Embrace the Moment

I was reading a piece that introduced me to the early days of Arnold Schwarzenegger in America before his foray into movies. He would take these odd jobs to make ends meet. Some of these jobs included lifting wooden crates, clearing construction debris, handling tough crowds as a bouncer, etc. Although he did these things without complaint, his employers felt apologetic about him having to do mostly unglamorous jobs. But, he would simply respond with:

It is alright. I am doing what I came here to do. Every time I have to talk to someone, I get to practice my English and enjoy how strong it already is. Every time someone is aggressive, I get to practice my patience. Every time someone is upset, I get to practice my kindness. It is all strength training to me.

When asked if he ever needed a break from all this “training”, he disagreed and said how every other way to live was harder.

As humans, we naturally tend to gravitate towards pleasure and veer away from pain. We look for pleasant moments and avoid the unpleasant ones in our lives. We even go to great lengths to make this happen. We’ll do anything to seek comfort and convenience in order to avoid going through discomfort. The latter may not be a bad thing after all, but more on that later. The world conditions us to seek a life of comfort and stability, but that is not what we truly seek. We say we look forward to doing things in the future or we may hold on to moments from our past. In either case, we miss the present moment for what it is.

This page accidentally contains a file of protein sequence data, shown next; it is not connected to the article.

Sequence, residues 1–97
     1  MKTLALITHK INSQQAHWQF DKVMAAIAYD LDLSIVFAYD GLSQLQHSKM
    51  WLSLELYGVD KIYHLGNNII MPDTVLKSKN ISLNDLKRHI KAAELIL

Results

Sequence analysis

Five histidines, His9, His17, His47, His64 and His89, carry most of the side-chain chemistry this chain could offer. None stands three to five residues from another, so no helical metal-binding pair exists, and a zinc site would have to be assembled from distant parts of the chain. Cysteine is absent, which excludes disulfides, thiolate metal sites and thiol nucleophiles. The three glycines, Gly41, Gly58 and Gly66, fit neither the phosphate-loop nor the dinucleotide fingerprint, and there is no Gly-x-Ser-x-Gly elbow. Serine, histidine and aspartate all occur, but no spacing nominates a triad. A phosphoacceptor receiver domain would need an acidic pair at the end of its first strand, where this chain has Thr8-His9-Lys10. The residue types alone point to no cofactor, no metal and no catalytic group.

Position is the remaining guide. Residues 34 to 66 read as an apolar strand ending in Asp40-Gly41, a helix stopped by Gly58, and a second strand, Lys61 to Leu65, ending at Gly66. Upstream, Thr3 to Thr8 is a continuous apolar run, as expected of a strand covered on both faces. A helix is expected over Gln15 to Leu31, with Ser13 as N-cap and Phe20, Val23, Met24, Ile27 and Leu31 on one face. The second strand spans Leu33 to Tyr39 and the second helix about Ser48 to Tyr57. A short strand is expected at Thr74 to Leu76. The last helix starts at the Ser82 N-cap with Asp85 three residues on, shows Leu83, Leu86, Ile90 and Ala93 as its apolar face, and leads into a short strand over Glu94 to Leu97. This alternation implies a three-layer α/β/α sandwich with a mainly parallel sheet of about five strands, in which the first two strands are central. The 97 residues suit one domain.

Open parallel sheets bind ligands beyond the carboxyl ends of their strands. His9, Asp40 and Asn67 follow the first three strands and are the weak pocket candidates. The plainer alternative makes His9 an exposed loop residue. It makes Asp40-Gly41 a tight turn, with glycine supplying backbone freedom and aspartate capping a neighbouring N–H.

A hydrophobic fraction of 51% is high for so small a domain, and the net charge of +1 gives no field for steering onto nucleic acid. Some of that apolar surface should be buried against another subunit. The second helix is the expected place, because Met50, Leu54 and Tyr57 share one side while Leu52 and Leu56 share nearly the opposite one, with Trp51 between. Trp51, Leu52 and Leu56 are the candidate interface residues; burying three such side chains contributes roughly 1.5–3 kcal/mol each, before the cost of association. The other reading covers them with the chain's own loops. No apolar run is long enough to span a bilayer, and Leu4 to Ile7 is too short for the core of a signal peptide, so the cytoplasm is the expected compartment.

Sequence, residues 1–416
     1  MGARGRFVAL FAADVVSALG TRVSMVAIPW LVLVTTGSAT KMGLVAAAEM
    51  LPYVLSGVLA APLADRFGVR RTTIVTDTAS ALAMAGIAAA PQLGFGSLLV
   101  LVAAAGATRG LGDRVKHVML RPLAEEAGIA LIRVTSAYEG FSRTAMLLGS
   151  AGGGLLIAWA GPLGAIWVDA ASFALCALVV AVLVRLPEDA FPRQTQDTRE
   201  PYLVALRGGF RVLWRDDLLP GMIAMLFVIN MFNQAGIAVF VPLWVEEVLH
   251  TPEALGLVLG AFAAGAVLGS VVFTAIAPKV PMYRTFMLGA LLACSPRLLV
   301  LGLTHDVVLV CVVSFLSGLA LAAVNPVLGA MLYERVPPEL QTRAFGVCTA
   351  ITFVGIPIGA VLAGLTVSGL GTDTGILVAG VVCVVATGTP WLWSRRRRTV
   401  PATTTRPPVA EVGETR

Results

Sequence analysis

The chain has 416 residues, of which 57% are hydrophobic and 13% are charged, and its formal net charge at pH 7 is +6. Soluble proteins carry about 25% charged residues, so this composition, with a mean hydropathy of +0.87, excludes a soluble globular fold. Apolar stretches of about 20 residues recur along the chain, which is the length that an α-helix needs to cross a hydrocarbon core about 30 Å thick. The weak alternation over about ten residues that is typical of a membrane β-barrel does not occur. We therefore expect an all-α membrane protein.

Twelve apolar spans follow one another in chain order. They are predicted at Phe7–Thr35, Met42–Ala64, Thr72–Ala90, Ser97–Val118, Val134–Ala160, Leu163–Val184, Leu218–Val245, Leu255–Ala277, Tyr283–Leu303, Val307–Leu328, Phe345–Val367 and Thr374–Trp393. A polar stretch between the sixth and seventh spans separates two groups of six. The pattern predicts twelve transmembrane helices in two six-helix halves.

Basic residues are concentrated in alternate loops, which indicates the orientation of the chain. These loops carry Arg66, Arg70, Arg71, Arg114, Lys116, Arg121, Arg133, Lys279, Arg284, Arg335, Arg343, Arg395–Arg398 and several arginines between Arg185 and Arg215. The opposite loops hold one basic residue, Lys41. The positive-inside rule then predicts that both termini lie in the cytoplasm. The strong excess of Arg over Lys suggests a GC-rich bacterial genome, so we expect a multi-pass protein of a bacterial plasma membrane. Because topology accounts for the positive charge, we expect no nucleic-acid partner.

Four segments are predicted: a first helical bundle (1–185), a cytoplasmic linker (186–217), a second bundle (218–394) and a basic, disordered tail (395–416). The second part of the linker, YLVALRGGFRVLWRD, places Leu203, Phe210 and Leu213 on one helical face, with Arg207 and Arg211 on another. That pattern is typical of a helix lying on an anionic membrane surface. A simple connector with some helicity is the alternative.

How often do we try to force things to happen? We try to create certainties in our everyday situations and when things don’t turn out the way we intended them to, we find ourselves disappointed with our expectations unmet. The more we seek control, the more we tend to lose it. Control is but an illusion.

Here’s what I wrote earlier:

Why do we force things to happen that are outside of our purview? Why don’t we let things take their natural course? Why do we fight our situations? Why do we resist change when impermanence is the only thing that is permanent?

When we keep resisting situations or people, it gets harder to live our lives, lest we forget the obstacle is the way forward. There is no escaping it. It’s (relatively) easier to deal with the challenges in our life head-on, rather than live in denial about it. While it might be difficult to deal with the situations in the short term, the latter approach will sap our energy and leave us drained. That’s the last thing we want.